Production Talk with Roy Ng on 'Sanzaru'


Witnessing the three men who killed his father went on to rape his mother, mummy's boy Junyang sets off to kill off these three men in a Sanzaru manner - a Japanese term for see no evil, hear no evil and speak no evil. 

We speak to Roy the Director and Winnie the Producer of the short film Sanzaru to understand more about killing and Sanzaru. Sanzaru was nominated for several categories in the 3rd Singapore Short Film Awards earlier this year.

SINdie(S): What inspired your story for Sanzaru?
Roy(R): The idea of wanting to do a thriller for our final year project gave birth to the start of Sanzaru. We were inspired by the concept behind Sanzaru - see no evil, hear no evil and speak no evil and wanted to weave it into a thriller.



S: Are you a fan of slasher flicks? Or more gangster flicks?
R: Ironically, I am not a fan of either. Sanzaru was first written as a police-mystery-thriller film. It undergoes a lot of rewrites and eventually become the current form of a drama-thriller film. The element of slasher and gangster happen to work out great for the film and thus were included. I like Sanzaru for its entirety rather than breaking it down into the slasher and gangster bits.
Winnie(W): Neither am I a fan of slasher flicks but I do like some gangster films. I'd say I like more of Korean thrillers and Hong Kong gangster films.



S: Violence has often been used to compel its audience, some people may say its a cheap tactic. What do you say to that?
R: I think violence, if used well, can do great to a film. It depends on how well it is integrated into the film's plot and characters' motives. If we are to remove such "cheap tactic" from Sanzaru, the entire film will just look cheaper. Without violence, some films just become unbelievable, and Sanzaru is one such film.
W: There may have been movies which employ violence as what you say, a "cheap tactic" but I believe there are filmmakers out there who know how to blend it well with the film's narrative. One rotten apple shouldn't spoil the rest!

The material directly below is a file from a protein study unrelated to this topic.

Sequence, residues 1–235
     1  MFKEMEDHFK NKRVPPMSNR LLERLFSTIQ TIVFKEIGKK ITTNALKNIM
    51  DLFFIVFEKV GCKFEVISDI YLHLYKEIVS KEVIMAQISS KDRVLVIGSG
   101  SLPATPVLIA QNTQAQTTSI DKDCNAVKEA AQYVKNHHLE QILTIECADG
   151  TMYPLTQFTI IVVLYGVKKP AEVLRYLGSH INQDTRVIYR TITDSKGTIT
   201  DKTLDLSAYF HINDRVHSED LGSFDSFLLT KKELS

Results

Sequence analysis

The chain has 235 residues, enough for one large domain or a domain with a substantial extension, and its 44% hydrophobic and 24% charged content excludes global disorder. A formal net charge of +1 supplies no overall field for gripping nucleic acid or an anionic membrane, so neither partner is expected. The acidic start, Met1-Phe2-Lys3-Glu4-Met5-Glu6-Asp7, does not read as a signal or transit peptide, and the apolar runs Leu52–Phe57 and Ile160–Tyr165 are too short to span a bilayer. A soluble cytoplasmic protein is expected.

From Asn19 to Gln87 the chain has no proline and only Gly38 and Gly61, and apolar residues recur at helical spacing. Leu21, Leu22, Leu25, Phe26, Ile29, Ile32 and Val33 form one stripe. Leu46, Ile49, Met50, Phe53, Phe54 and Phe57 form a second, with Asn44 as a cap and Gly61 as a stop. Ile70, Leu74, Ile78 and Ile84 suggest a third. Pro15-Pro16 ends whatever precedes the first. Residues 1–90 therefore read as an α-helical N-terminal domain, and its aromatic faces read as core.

S: How did you attempt to portray violence differently?
R: Perhaps to see how else I can weave it into the story's narrative, or portray the killings in other original ways that can bring a fresh perspective to audience. But many a time, we are actually restricted by the props and special effects we are able to perform and thus the end result is the best way we are able to pull off that scene. The good thing about the lack of resources pushes us to creatively solve the issue and bring it our in ways we otherwise will never think of.

S: How was the production process? Any interesting happenings?
R: This is definitely a very ambitious project. We were all new. Thus almost everything that could go wrong, gone wrong. We overran the shoot, weather is not on our favour, location permit not granted and the list goes on. The interesting bit of the shoot has to be we ended up shooting most of the scenes at my uncle's bus company's garage. Situated at Defu Lane [Bedok Transport Pte Ltd], the place is secluded, gritty and quiet - the perfect night location to shoot murder and smuggling scenes. Some scenes require us to dress up the set so we converted a worker's room into a storage warehouse [where Kiong's ear get cut off before hacked] and even the main repair bay is transformed into the sleazy nightclub which appeared in the flashback with Yam and Father gets entertained by a stripper.
W: Overall, we had around 5 locations shot in one place!





S: What were the biggest challenges in making this film?
W: First being the story development, there were sleepless nights trying to develop the story. And then came the action sequences which most of us were new to. We've never really done an action film before this - all the props such as the fake blood, scars and bruises had to be researched and we found a makeup artist to help. Choreographing the action sequences is one major challenge and we have veteran Sunny Pang to thank for what happened in the film. He gave lots of inputs and worked with us on choreographing the stunts and fight scenes. My team and I have to thank the him and the dedicated cast and crew which made this short film possible.



R: Putting that fight scene aside, I would also like to mention that finding a voice for the VOs of the protagonist is a real challenge. It lacks a unity in them and we all scrambled and research to find an element to add to the VOs to introduce a form of discipline to it. Confucianism was never intended to be in the script. It was a happy accident that we stumbled upon it, and it make such a huge impact to the film that it eventually becomes the Chinese title of our film "子曰" which directly translates to "Confucius says".



S: Is there anything you would have done differently about the film?
R: I will definitely want to work more on the story. Every scripts are basically rush into production and the development phase is compromised. After watching and re-watching this film during the edit and the screenings, I can't help but to feel there is so much more I want to tell about all the characters. I think the script has characters

Find out more about Sanzaru in this link.

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